2. There Is No National Student Loan “Crisis”
Let’s agree—as we should—that the price of college is artificially high, and student aid has fueled a lot of that inflation. Let’s also agree that for some individuals their debt may be crippling. Even with that, student debt broadly does not constitute a “crisis” warranting deployment of a government‐spending nuke. While we are accustomed to news coverage featuring people carrying six or even seven‐figure debts, the most recent data indicate that only about 65% of new bachelor’s degree holders graduated with debt, and the average amount for them was about $29,000. That’s sizeable, but the earnings boost of a bachelor’s degree versus only a high school diploma is roughly $1 million over a lifetime, justifying the debt. For a little more perspective, the median American household as of 2014 had about $18,000 in student loan debt and $13,000 in auto loans. Those numbers are pretty close, and unlike education cars mainly depreciate in value. The median home debt was far larger than either at $120,000. Meanwhile, the household income at which student debtors would no longer get some forgiveness under Warren’s plan is $250,000, by her own admission only the richest 5% of households. Median U.S. household income is about $61,000.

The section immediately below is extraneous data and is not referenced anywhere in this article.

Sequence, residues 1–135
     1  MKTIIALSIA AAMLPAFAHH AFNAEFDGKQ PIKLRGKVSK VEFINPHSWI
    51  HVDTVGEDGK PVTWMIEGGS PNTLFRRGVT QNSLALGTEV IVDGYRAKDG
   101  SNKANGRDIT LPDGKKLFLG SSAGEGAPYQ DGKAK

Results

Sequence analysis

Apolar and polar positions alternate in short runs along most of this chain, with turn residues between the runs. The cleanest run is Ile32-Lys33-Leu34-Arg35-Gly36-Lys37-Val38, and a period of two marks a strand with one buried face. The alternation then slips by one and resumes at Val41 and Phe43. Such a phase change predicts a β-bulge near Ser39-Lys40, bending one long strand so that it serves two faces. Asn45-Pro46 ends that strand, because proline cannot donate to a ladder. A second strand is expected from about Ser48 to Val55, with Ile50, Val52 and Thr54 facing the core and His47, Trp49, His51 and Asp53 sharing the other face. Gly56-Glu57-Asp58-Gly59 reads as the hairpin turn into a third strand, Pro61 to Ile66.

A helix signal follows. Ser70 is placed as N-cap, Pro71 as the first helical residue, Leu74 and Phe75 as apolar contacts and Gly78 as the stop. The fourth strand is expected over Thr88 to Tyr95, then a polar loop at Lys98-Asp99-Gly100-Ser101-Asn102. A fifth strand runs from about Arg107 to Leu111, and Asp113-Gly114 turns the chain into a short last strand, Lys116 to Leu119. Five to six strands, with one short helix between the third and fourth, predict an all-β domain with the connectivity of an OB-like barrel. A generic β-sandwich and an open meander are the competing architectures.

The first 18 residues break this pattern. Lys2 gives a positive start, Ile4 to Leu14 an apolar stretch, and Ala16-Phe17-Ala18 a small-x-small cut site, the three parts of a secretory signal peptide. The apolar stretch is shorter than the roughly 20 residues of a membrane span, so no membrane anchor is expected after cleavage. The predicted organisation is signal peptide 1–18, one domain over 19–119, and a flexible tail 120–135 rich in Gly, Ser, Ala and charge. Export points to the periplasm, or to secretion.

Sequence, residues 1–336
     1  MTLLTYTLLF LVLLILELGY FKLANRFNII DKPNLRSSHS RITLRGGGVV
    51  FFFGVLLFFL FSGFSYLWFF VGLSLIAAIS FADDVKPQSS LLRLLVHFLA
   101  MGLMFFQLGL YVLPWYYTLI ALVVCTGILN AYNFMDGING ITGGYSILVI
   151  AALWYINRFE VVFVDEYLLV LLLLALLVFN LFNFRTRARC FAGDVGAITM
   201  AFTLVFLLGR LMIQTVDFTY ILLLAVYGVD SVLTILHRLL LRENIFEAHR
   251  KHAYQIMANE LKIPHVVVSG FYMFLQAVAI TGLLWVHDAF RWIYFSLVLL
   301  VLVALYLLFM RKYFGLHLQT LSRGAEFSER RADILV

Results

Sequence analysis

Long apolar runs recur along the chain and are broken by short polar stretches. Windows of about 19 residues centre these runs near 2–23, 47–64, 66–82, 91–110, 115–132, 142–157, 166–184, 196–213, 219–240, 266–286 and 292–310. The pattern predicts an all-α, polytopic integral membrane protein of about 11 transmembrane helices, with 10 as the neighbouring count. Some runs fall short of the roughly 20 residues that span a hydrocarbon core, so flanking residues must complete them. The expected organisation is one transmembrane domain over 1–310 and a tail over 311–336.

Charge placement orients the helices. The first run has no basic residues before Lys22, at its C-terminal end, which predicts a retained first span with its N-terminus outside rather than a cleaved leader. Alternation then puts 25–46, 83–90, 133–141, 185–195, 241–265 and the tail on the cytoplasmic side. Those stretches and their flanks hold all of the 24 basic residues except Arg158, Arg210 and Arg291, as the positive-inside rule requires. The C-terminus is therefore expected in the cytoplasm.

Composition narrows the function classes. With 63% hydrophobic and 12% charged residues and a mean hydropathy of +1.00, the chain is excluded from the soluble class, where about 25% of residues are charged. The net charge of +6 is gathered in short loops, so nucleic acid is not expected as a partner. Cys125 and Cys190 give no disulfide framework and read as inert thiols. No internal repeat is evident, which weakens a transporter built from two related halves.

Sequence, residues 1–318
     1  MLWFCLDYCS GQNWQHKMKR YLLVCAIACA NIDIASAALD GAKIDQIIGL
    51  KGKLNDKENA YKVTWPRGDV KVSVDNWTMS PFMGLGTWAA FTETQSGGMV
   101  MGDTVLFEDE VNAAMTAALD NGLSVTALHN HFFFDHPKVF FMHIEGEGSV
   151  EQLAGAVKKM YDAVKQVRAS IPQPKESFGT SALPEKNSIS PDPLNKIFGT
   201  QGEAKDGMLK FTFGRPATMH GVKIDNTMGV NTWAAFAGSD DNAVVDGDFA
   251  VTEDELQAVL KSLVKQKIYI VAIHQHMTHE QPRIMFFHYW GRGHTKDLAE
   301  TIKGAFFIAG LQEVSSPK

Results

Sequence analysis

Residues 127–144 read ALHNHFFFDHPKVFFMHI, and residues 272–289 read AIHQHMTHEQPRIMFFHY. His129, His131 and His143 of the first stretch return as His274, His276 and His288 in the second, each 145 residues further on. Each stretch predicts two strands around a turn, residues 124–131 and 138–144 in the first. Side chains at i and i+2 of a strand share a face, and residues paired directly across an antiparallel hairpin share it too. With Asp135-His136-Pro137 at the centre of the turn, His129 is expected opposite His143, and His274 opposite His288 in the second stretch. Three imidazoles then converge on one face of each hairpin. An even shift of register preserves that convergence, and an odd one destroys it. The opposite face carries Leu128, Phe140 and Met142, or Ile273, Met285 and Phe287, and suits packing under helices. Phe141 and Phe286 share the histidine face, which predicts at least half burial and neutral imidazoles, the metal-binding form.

3. It Misdiagnoses The Problem